“A confrontation has become indispensable if we are to resolve the problem, remediate the situation and free ourselves.”
Guillaume Faye, Ethnic Apocalypse
The celebrated French far-Right intellectual Guillaume Faye passed away in March, after a long battle with cancer, but not before leaving us a literary parting shot that deserves to be a bestseller. In his final book, Faye explores the demographic, cultural, political, and military degradation of France, drawing sobering lessons for the West as a whole. The book makes a number of stark and terrifying predictions that, when all current trends are taken into consideration, have an overwhelming probability of coming to fruition. Foremost among these predictions is that the West is now almost certainly destined to convulse with a savage and intense civil war (both civil and internal, both religious and racial) without parallel in the history of mankind. With all the dark candour one might expect from a dying man with nothing else to lose, Ethnic Apocalypse, or as it was published in French Guerre civile raciale (A Racial Civil War), is perhaps the most brutally frank, bitterly scathing, and searingly honest accounts of the current trajectory of the multicultural West that I’ve ever come across. The reader searches the text for euphemism, finding none. There are no evasions here; no duplicity in nomenclature. Faye doesn’t speak of cultural differences, or religious incompatibilities. He has little time for talk of assimilation and integration. The problem, he declares, “is neither ideological nor even religious in nature, but, in fact, anthropological. And so is the solution. The coming war will involve people who have nothing to say to one another and who should never have been made to live together.” A little over 50 years after Enoch Powell’s ‘Rivers of Blood’ speech, Faye’s book is both a nod to Powell’s prescience, and a chronicle of the nascent ebbs and waves of a crimson tide that now seems fated to engulf us all.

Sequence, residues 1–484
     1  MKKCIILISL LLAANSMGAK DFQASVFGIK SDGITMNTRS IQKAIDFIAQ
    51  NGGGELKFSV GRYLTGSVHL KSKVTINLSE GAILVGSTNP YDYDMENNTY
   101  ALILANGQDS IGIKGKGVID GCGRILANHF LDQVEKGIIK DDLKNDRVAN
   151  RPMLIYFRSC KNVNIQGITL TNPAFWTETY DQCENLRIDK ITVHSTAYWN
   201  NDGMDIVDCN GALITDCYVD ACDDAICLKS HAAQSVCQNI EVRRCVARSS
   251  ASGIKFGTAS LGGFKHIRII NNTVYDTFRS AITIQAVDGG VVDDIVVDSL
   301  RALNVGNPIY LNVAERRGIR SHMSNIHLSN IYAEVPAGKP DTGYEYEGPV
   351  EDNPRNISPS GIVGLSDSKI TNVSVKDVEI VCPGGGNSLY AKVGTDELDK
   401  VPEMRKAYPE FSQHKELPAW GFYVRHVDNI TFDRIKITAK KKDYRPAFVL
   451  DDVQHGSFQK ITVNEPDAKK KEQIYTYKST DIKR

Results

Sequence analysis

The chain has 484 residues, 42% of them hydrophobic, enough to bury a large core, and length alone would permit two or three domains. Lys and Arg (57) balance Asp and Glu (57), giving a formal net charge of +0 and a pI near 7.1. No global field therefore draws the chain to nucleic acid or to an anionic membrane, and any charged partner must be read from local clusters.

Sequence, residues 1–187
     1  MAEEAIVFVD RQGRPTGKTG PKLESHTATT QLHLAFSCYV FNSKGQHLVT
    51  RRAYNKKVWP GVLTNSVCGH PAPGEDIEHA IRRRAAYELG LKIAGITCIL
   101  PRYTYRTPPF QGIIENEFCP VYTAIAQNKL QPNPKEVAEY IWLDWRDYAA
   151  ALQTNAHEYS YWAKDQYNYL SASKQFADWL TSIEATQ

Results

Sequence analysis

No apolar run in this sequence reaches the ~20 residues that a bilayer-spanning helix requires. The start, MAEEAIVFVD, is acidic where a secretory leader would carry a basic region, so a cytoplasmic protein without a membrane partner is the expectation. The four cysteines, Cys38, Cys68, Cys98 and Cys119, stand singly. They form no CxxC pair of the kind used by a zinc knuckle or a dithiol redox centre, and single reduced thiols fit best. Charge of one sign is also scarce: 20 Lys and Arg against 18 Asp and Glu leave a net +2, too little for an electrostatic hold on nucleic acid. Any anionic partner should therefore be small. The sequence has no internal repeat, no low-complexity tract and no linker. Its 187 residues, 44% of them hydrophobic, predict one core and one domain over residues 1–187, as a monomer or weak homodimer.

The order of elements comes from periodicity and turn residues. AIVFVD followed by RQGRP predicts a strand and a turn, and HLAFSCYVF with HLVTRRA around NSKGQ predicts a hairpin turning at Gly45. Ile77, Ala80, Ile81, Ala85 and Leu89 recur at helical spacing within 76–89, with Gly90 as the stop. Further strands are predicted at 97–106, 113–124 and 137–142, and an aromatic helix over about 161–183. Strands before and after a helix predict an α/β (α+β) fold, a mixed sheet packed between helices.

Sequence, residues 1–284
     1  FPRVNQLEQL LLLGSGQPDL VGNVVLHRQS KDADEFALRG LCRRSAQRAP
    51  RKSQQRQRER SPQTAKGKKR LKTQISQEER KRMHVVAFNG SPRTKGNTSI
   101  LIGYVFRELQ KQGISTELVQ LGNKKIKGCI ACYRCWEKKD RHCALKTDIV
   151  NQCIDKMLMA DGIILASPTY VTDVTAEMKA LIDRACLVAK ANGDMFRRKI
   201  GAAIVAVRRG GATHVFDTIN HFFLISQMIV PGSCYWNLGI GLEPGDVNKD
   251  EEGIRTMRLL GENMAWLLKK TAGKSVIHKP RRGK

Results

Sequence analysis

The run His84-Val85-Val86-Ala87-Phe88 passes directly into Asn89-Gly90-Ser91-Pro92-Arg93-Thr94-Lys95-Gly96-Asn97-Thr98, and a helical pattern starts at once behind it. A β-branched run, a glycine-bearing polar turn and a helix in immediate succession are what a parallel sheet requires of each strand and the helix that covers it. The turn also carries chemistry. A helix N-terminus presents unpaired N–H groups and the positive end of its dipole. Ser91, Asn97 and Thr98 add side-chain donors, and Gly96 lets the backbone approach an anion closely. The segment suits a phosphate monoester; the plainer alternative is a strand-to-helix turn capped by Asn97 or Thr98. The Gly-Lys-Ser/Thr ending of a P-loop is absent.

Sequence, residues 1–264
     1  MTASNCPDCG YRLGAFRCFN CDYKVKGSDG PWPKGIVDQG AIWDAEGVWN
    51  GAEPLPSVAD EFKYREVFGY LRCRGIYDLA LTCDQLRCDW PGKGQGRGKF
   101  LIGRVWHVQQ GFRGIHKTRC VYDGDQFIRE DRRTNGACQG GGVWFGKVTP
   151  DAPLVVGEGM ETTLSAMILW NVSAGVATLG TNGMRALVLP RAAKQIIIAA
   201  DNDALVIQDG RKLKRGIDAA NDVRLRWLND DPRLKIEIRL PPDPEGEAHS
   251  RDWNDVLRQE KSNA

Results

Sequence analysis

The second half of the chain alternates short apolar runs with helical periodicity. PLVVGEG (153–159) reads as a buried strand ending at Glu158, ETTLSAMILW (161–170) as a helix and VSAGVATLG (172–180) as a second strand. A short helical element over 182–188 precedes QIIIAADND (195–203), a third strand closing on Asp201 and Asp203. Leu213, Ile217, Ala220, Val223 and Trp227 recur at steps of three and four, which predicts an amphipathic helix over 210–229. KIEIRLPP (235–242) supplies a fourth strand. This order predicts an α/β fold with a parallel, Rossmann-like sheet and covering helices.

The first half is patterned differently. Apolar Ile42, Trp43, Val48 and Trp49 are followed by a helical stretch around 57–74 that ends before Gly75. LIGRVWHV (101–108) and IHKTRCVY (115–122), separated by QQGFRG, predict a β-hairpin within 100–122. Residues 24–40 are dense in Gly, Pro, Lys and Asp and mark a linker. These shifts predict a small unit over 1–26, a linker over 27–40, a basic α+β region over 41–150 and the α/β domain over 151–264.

Faye is unapologetic about speaking bluntly and specifically of race. He employs the term “as part of a sincere longing for accuracy.” Some people find the term disagreeable? The author responds:
Do you know what is really unpleasant, by contrast? Living your life surrounded by ten million, twenty million, or even a greater number of Africans and Arabs, with whom one never wanted to associate. What is very disagreeable indeed is acknowledging the thought that, soon enough, the people of our race, namely the Whites of Europe, will be a minority in their own lands. What is more unpleasant is our inability to describe the very horror of our situation without burdening our statement of the facts with foolish periphrases and politically correct words, all of which remain less expressive of what is crucial for us to say than of what one is required to say.